# Rudin: Sequence of Complex Measurable Functions

Here is theorem 1.14 from Rudin's RCA:

If $f_n : X \to [-\infty, \infty]$ is measurable for $n=1,2,3,...$, and $g = \sup_{n \ge 1} f_n$ and $h = \lim_{n \to \infty} \sup f_n$, then $g$ and $h$ are measurable.

Immediately following this is the corollary (a):

The limit of every pointwise convergent sequence of complex measurable functions is measurable.

I don't see how this is a corollary of theorem 1.14, since the theorem concerns (extended) real-valued functions, whereas the sequence of functions in the corollary take on values in $\Bbb{C}$.

• Your definition of $h$ makes very little sense, since $\sup f_n$ does not depend on $n$. I know it doesn't say $h=\lim_{n\to\infty}\sup f_n$ in the book - what's the actual definition of $h$? – David C. Ullrich Dec 7 '17 at 18:37
• @DavidC.Ullrich I assure you, it is no definition of mine; what I typed is exactly how it appears in the book (at least in my copy). – user193319 Dec 7 '17 at 19:02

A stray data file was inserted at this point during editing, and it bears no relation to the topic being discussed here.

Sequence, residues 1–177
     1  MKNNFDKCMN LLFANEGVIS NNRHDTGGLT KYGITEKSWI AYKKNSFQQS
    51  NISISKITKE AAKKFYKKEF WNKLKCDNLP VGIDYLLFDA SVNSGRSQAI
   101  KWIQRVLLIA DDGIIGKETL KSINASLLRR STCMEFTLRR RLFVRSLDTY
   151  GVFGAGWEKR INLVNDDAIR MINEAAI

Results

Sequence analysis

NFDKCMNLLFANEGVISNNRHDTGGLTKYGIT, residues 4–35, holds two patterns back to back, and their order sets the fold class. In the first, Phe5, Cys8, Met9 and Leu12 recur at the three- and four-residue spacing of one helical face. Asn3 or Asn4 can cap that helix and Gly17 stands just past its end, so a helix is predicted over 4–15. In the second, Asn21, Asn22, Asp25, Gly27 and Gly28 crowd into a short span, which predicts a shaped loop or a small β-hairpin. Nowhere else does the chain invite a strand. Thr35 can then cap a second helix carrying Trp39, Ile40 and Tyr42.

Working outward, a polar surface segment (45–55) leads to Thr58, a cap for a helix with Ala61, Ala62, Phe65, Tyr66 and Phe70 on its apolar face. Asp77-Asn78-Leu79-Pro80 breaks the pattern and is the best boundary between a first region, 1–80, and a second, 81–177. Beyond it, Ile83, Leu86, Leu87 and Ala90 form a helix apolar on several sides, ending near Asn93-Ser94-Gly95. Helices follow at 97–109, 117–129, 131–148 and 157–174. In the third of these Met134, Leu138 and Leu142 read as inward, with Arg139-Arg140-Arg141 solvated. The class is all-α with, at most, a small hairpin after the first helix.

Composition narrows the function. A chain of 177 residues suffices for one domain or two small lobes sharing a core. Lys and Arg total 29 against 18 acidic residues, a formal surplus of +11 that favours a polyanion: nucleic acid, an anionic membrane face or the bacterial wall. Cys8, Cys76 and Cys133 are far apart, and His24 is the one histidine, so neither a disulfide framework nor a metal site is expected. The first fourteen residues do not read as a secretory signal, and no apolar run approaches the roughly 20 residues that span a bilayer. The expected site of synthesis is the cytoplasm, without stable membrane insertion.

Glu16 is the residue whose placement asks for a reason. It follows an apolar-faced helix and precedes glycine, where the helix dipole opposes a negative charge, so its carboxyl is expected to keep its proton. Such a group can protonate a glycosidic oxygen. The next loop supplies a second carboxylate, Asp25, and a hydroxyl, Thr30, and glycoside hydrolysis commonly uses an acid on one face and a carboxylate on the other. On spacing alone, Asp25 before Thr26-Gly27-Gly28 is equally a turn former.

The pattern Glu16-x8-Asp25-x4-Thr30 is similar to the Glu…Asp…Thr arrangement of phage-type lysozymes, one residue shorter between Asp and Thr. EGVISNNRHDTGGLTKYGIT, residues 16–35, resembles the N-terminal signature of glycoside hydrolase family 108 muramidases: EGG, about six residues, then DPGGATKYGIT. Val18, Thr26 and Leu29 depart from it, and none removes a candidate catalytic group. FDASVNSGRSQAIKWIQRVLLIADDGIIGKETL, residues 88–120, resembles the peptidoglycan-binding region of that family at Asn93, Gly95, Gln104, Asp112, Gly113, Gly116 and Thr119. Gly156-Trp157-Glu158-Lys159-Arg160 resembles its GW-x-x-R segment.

• I find that very hard to believe. My copy is missing. Maybe it actually says $\displaystyle\limsup_{n\to\infty}$? That's not the same thing as what you wrote - find the definition of "$\limsup$" somewhere... – David C. Ullrich Dec 7 '17 at 19:06

Hint: Apply the theorem for $-f_n$. You will get the inf version and the liminf version. Now when limsup and liminf are measurable, what can you say about the limit when it exists?
Update: Sorry I didn't read your question fully. You wanted to know how this result for reals extends to complex functions. Well, any complex measurable function $f$ is of the form $Re(f) + iIm(f)$. Also if $\lim_n f_n =f$ where $f_n$ are complex measurable functions then note that this is iff $Re(f_{n}) \to Re(f)$ and $Im(f_{n}) \to Im(f)$.
I think the $h$ should be $h=\lim_{n}\sup_{k\geq n}f_{k}$. If we can show that for each $n$, $\sup_{k\geq n}f_{k}$ is measurable, then the corollary applies to $h$ along with $(\sup_{k\geq n}f_{k})_{n}$.